By combining traditional candy-making with state of the art automation, Wolfgang Candy Company has kept its production line up-to-speed with its rapidly expanding business.
Wolfgang Candy officially opened for business in York, PA in 1921, but the Wolfgang family’s candy-making began decades earlier when the Wolfgang brothers opened the first Wolfgang Candy Factory in the late 1890s. After only a few years, the factory was burned down in the North York Fire, and the candy-making business came to a halt.
That is until a few years later, when a second-generation Wolfgang—Paul—took what he had learned of the candy-making business from his father and uncles and started the business anew.
The Next Generation
The Wolfgang Candy Co. has expanded since then, from the basement of the family home to occupying an office building and two production facilities, the newest of which was built in 1987. Until recently, Wolfgang’s bread and butter has been the fundraising market. But due to pressure from parents and school districts to cut sweets from schools, fundraising through candy sales is not as in vogue as it once was. Seeing the writing on the wall, Wolfgang decided that it was time to diversify its product line and distribution and began to consider other ways to get its chocolates into the hands of consumers.
That’s where the fourth generation of Wolfgangs comes in. Since the fourth generation took over management of the chocolate business several years ago, there have been numerous changes afoot, from production to distribution and beyond. While fundraising is still an important part of Wolfgang’s business, the company’s cookies and candies can now be found on the shelves of grocery, drug and specialty stores throughout the country.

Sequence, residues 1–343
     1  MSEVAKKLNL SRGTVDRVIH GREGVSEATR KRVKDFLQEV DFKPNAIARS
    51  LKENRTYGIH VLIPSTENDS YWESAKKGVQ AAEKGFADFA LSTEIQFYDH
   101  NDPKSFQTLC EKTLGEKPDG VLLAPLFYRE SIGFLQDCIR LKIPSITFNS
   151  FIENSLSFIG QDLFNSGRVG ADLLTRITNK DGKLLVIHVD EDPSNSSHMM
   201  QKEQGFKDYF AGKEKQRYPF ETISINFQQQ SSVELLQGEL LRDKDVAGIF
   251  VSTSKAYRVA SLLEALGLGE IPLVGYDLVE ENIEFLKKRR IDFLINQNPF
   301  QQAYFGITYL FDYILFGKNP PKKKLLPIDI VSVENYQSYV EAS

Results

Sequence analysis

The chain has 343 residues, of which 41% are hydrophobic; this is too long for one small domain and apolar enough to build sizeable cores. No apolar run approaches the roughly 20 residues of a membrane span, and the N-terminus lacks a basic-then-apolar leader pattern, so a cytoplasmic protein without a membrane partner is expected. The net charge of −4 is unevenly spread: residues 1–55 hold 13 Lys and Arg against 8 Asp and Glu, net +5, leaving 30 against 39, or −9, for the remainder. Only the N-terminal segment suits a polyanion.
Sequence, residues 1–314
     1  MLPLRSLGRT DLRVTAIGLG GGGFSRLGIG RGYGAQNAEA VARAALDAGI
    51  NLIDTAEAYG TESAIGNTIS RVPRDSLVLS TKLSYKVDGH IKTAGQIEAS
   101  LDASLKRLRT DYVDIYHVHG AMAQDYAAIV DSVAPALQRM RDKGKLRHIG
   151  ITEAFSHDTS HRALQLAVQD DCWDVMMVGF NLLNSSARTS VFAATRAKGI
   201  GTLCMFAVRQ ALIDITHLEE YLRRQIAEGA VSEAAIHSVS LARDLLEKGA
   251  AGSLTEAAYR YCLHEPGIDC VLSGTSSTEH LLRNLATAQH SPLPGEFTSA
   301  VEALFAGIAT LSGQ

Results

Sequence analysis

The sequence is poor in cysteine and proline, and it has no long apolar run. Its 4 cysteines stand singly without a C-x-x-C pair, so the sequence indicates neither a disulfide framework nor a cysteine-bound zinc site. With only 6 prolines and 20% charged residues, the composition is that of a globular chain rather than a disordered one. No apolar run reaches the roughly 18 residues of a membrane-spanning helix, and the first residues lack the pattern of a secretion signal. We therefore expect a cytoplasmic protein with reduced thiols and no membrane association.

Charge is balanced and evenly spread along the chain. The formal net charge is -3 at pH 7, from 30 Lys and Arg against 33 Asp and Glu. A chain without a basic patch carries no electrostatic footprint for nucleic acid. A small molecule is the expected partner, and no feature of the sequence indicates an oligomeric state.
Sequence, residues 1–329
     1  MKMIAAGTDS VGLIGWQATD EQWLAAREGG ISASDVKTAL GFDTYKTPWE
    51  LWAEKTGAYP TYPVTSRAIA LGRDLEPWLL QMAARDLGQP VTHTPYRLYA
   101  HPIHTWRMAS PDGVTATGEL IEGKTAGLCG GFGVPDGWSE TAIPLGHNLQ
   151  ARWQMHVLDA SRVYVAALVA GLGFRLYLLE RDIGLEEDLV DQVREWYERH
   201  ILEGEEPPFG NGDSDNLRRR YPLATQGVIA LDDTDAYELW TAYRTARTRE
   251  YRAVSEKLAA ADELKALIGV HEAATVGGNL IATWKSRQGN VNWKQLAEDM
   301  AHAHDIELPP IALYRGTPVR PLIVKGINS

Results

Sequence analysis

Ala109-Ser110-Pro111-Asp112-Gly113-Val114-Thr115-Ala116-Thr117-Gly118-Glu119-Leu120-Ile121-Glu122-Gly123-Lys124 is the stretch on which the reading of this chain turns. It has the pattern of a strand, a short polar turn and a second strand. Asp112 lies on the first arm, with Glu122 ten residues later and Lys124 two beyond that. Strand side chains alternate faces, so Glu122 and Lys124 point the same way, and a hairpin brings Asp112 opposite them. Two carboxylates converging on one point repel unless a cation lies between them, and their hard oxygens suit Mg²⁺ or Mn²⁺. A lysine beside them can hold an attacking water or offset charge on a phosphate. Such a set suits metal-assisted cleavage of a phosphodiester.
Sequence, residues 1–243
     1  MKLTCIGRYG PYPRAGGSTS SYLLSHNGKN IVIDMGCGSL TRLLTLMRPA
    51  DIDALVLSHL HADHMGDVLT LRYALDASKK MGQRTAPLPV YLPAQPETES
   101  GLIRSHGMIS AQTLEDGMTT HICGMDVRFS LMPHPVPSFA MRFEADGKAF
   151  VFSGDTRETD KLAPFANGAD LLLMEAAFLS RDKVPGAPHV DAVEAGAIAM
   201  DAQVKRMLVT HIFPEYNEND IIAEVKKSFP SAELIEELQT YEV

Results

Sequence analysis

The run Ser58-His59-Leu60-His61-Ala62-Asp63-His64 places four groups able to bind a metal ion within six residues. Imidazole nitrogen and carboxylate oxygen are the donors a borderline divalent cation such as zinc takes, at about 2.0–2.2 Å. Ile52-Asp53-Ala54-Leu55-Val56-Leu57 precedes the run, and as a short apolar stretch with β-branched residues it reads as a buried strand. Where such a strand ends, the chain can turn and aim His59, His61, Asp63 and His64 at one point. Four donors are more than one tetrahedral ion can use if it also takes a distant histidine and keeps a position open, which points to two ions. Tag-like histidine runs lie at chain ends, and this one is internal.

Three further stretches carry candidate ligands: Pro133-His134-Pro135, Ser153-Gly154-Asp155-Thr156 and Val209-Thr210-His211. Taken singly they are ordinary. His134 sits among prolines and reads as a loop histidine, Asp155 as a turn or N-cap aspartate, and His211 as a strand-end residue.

Deciding on new product offerings is truly a family affair. “We’re our own focus group,” says Mike Schmid, one of Wolfgang’s managing partners.
In addition to new product offerings, like Eve’s chocolate-topped truffle cookies and Jungle Jack’s chocolate covered animal crackers, manufactured under the Wolfgang brand, the company has begun production of private label products for customers like CVS and Walgreens.
“Candy is one of those areas where private label is very much in its infancy,” Schmid says. “Retailers are finding there is real value in cementing their brand.”
Candyman Meets Candybot
In order to keep up with the demand imposed by these new ventures, Wolfgang sought out ways to incorporate new technology into their existing operation. The company teamed up with local JLS Automation, an automation integrator, to help research automation options for its growing production line. After both companies evaluated the production line, available space, and automation options, Wolfgang eventually implemented ABB Robotics’ FlexPicker pick-and-place system.
The system picks up finished truffle cookies and other chocolates, and places them in packaging trays. The system is able to recognize and skip over defective products, helping Wolfgang maintain product uniformity without intensive manual oversight. The robots can pick and place 200 cookies per minute, increasing production speed by about 12 percent.
Schmid says that the pick-and-place robots have been a great addition to the production line. He says that though robotics technology is often considered as a means of cutting labor costs, Wolfgang kept its labor force in tact after the acquisition of the new technology. The employees of Wolfgang even participated in a contest to name their new robotic coworkers, and the winning names were “Lucy and Ethel,” after the infamous “I Love Lucy” episode in which Lucy and Ethel take jobs working the line at a candy factory.